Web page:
January 16, 2019
appeal from Superior Court of New Jersey, Chancery Division,
Family Part, Mercer County, Docket No. FM-11-0224-97.
Perry Davis argued the cause for appellant/cross-respondent.
L. Felsenfeld argued the cause for respondent/cross-appellant
(Felsenfeld & Clopton, PC, attorneys; Howard L.
Felsenfeld, on the briefs).
Judges Alvarez, Nugent, and Mawla.
Frank Fattore appeals from a February 25, 2017 order, which
required him to indemnify plaintiff Margaret Fattore for the
loss of her share of equitable distribution of
defendant's military pension, which was waived as a
result of his receipt of disability benefits. Plaintiff
cross-appeals and asserts the trial court should have granted
her request for alimony to replace the value of her lost
pension benefit. Pursuant to the United States Supreme Court
decision in Howell v. Howell, U.S., 137 S.Ct. 1400
(2017), we hold a trial court may not indemnify a payee
spouse when the payor spouse waives a military pension and
receives veteran disability retirement benefits. However, a
court is free to treat the pension waiver as a change in
circumstances and may award the payee alimony or modify it.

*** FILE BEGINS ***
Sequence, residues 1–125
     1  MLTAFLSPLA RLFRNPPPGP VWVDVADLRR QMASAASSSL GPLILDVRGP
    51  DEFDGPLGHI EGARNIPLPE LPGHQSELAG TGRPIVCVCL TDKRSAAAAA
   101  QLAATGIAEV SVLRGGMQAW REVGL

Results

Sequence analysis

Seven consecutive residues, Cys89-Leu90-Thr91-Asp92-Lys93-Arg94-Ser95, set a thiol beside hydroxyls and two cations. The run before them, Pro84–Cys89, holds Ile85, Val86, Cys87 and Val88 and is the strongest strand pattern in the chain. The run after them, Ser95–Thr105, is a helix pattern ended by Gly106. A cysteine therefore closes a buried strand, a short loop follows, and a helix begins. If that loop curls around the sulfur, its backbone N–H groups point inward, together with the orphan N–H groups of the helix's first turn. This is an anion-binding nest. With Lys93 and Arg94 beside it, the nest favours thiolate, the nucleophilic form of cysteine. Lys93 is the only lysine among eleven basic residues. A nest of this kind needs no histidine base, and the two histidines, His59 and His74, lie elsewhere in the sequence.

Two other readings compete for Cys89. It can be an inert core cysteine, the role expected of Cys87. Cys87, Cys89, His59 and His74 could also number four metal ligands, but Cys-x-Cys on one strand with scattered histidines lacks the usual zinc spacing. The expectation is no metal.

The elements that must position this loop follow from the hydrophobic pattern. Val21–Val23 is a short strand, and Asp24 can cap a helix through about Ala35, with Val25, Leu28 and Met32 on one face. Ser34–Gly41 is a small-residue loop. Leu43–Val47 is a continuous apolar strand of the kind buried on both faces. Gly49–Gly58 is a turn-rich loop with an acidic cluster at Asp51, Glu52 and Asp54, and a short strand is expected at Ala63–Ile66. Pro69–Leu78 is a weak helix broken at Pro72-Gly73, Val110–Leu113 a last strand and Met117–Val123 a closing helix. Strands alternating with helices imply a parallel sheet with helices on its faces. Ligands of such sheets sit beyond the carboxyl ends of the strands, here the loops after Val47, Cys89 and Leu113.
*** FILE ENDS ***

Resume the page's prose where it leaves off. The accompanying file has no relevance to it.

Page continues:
We reverse and remand the trial court's order for further
proceedings consistent with this opinion.
following facts are taken from the record. The parties were
divorced in 1997, following a thirty-five-year marriage. At
the time, both parties were fifty-five years of age. The
terms of the parties' divorce were memorialized in a
six-page consent dual final judgment of divorce.
judgment included a mutual alimony waiver, which reads as
follows: "Plaintiff and defendant each hereby waive
alimony as to the other party now and in the future." As
to equitable distribution, the judgment provided defendant
would retain the former marital residence located in
Hamilton, and the mortgage obligation associated with it, and
pay plaintiff $55, 000 as her share of the equity. The
parties agreed to retain all bank accounts, automobiles, and
credit card debt in his or her own name without a credit,
offset, or liability to the other.
judgment also divided the parties' pensions. Plaintiff,
who had been employed as an operating room nurse in a
hospital, had earned a modest pension. The parties agreed
defendant had a fifty percent interest in the marital
coverture portion of her pension, which had "been offset